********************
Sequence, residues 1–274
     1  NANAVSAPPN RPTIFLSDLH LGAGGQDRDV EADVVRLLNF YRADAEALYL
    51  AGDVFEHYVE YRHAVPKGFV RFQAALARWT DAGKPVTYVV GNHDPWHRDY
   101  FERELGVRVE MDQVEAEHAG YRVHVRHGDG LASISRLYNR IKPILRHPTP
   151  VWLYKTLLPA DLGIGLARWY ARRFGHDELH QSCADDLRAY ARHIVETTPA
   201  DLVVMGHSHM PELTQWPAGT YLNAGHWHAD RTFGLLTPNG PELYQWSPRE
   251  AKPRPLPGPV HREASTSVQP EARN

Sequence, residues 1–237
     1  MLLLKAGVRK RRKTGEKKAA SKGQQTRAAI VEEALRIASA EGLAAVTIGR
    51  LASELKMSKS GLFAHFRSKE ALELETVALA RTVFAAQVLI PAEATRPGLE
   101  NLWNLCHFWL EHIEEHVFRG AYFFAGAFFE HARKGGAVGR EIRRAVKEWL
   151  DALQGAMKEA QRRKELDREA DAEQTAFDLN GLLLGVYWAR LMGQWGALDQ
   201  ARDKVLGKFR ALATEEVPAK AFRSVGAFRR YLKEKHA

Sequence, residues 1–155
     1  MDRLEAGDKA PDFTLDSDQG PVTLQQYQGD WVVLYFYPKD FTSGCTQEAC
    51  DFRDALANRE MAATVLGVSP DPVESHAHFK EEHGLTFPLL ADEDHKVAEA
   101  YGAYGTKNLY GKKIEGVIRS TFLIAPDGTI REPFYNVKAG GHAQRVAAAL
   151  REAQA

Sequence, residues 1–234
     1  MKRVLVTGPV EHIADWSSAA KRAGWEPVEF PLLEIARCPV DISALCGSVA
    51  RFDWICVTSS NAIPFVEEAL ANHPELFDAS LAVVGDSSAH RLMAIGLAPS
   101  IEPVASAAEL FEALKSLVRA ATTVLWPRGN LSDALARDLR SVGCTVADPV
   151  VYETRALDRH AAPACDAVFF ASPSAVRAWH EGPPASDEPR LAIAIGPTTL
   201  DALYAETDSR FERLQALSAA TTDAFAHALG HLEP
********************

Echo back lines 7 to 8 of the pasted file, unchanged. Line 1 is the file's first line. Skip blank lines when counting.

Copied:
   251  AKPRPLPGPV HREASTSVQP EARN

Sequence, residues 1–237